Chronic or recurring cramps in the foot may include leg cramping. Night-time calf cramping affects approximately 1 in 3 adults.
This could signal more serious problems, including nerve compression.
Too little of minerals such as potassium, calcium or magnesium in your diet could contribute to muscle cramps. Magnesium plays a role in neuromuscular transmission and muscle contraction.
Yellow nails can be caused by the overuse of nail polish. However it’s important to keep an eye on it, because ‘thick discoloured nails could be a sign of a fungal infection’, says Dr Harper.
‘Your GP will probably want to send some nail clippings to the lab for analysis to confirm this before prescribing antifungal paint or tablets.’
Toenail fungus affects adults and the chances of getting it increase as you age.
‘If you notice what looks like a bruise under the nail but don’t remember injuring it, it is important to get this checked out as sometimes a skin cancer can develop’, Dr Harper says.
The nails may become brittle (crumbly), thicker and change shape and sometimes they hurt too. The affected part of the nail may detach from the nail bed.
In the vast majority of people, the fungus develops at the front or side edge of the nail. This most commonly happens in people with a severely weakened immune system – following a serious illness, for example.
‘If you notice what looks like a bruise under the nail but don’t remember injuring it, it is important to get this checked out as sometimes a skin cancer can develop under the nail and this needs urgent assessment and treatment’, says Dr Harper.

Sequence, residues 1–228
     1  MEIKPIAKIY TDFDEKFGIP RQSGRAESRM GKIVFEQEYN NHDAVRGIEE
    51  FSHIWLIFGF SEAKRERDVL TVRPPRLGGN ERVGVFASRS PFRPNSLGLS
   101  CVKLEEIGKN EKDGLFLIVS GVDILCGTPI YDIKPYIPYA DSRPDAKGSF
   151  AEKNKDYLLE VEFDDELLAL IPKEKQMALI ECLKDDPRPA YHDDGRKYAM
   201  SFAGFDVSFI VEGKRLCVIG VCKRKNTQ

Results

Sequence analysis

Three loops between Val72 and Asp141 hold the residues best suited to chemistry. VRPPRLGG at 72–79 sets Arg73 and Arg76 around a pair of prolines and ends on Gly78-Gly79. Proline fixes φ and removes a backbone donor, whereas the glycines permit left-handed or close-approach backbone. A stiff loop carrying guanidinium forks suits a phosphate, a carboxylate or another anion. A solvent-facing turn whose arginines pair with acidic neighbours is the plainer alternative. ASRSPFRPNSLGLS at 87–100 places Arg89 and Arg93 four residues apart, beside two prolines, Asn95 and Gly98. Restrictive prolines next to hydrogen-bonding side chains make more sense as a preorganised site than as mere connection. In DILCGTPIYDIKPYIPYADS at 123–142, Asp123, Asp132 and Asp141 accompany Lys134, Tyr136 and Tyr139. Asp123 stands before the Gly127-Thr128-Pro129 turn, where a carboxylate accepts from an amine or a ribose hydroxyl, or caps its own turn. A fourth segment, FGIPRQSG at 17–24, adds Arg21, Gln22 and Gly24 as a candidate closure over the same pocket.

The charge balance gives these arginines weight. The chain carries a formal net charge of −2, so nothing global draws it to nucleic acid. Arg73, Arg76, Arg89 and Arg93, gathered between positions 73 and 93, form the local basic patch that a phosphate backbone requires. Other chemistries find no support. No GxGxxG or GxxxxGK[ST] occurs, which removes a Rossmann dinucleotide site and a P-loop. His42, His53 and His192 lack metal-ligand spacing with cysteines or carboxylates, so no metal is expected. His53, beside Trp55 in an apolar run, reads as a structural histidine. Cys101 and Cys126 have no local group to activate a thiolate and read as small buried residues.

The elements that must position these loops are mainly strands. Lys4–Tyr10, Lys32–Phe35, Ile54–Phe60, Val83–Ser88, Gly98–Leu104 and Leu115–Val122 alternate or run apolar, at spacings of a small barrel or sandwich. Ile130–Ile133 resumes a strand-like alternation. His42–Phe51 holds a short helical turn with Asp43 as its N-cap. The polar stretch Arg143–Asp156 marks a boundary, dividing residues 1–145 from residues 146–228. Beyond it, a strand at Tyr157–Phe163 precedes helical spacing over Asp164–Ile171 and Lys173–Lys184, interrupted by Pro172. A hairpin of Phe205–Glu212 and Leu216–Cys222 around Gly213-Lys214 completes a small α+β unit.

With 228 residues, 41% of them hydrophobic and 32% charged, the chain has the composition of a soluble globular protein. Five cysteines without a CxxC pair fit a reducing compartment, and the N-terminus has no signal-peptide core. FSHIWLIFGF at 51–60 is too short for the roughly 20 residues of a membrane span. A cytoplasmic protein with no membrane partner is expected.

An estimated 1.4 per cent of all diagnosed melanoma (skin cancer) cases in the UK are those that affect the nail, according to the Journal of Foot and Ankle Research.
Dry or cracked skin
Constant dry skin, despite moisturising, could be a sign of hyperkeratosis, which the elderly are more at risk of
If feet remain dry or cracked despite constant moisturising it may be worth giving this problem some attention.
One explanation may be hyperkeratosis (thick skin). This is when the skin becomes too thick and won’t change with cream.
It’s part of the skin’s normal protection against rubbing, pressure and other forms of irritation. Examples of hyperkaeratosis include corns, calluses and warts.
Activities that put repeated pressure on the foot, such as running or walking barefoot, can cause calluses to form.
Elderly people are at a higher risk, with reduced fatty tissue in their skin.
Other causes for feet that continue to be dry and cracked despite treatments may be Athlete’s Foot, dermatitis, psoriasis, eczema or keratoderma – a marked thickening of the skin.
‘Smelly feet can be a sign of infection, the most common being athletes foot, which is caused by a fungus’, says Dr Harper.
Symptoms of athletes foot include skin that is itching, stinging, blistering, cracking, or dry between your toes and on the soles of your feet.
You can catch the fungus through direct contact with an infected person, or by touching surfaces contaminated with the fungus.
Dr Harper says if you are a sufferer of athlete’s foot, spend as much time bare foot as possible after showering to allow the skin to dry out
‘Fungi love warm sweaty environments’, says Dr Harper. The fungus thrives in places such as swimming pool areas.
‘If you are a sufferer, get into the habit of drying between each toe after showering and spend as much time bare foot as you can to allow the foot to dry out.
‘Change your socks every day and try to wear natural fibres rather than manmade.
‘Trainers in particular retain a lot of moisture so if you can, invest in a second pair and when you are not wearing them stuff your trainers with paper and leave in a warm dry place – an airing cupboard is perfect.
‘Your pharmacist will also be able to advise on creams and powders to treat the fungus.’
Athlete’s foot can be hard to cure if you have diabetes or a weakened immune system.